Drilling waste discharges in the marine environment : a risk based decision methodology

Sadiq, Rehan (2001) Drilling waste discharges in the marine environment : a risk based decision methodology. Doctoral (PhD) thesis, Memorial University of Newfoundland.

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    Available under License - The author retains copyright ownership and moral rights in this thesis. Neither the thesis nor substantial extracts from it may be printed or otherwise reproduced without the author's permission.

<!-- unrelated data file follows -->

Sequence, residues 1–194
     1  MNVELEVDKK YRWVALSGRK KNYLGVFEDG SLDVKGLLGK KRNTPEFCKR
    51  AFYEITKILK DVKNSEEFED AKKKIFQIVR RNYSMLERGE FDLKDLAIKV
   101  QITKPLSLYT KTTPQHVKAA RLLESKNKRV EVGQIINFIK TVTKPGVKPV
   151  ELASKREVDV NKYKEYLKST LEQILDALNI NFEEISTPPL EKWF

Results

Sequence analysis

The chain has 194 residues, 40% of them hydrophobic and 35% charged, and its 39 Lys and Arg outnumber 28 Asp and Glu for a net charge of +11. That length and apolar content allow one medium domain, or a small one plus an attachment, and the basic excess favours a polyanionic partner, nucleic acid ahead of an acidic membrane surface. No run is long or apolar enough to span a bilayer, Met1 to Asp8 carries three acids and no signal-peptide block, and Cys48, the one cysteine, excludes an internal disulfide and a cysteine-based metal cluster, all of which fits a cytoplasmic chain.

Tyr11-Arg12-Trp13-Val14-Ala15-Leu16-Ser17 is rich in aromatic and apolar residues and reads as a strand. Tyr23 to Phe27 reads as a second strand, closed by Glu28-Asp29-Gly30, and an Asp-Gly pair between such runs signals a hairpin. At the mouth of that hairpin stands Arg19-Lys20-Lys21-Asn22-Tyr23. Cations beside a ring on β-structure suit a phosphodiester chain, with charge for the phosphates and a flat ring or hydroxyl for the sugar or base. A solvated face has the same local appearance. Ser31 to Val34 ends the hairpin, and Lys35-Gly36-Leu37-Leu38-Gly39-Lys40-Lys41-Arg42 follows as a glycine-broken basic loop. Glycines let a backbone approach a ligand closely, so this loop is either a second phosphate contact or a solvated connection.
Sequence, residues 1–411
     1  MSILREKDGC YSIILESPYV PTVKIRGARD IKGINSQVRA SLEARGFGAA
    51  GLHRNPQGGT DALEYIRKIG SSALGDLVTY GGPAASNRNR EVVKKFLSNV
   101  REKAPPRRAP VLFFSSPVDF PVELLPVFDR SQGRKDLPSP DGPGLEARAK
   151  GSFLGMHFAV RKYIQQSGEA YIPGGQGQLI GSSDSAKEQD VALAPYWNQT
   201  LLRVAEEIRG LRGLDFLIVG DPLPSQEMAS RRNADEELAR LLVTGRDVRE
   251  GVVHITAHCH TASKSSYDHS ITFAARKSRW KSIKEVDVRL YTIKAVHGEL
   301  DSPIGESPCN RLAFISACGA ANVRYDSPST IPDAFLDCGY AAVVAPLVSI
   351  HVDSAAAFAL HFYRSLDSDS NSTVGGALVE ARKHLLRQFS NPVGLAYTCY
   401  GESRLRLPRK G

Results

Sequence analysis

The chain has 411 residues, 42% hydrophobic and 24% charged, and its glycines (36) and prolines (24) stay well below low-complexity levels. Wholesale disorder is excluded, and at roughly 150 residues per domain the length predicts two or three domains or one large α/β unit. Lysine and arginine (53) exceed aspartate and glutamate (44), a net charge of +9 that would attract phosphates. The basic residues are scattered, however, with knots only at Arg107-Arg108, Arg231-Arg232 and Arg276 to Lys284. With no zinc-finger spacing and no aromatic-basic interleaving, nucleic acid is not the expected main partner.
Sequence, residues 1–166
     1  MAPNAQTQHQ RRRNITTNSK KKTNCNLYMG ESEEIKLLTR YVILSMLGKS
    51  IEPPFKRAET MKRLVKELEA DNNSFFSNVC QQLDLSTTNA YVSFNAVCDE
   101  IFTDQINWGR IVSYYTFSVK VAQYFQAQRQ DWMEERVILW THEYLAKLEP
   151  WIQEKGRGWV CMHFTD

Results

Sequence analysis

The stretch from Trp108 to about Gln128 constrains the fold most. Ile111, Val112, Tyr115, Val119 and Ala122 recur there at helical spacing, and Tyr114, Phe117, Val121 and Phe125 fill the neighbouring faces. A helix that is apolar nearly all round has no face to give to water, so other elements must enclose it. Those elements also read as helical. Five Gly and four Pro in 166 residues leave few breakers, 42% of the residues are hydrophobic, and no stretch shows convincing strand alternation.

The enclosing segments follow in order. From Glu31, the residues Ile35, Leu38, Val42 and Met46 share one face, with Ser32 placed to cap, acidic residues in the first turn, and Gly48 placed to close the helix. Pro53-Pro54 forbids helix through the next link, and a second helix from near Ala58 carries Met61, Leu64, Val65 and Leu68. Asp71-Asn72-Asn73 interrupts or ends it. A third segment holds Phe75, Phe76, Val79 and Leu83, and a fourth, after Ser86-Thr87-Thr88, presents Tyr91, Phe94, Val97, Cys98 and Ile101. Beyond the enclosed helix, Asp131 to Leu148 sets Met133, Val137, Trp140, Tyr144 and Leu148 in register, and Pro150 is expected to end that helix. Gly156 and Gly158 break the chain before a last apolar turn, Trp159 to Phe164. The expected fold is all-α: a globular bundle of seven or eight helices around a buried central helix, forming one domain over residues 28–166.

(Original Version)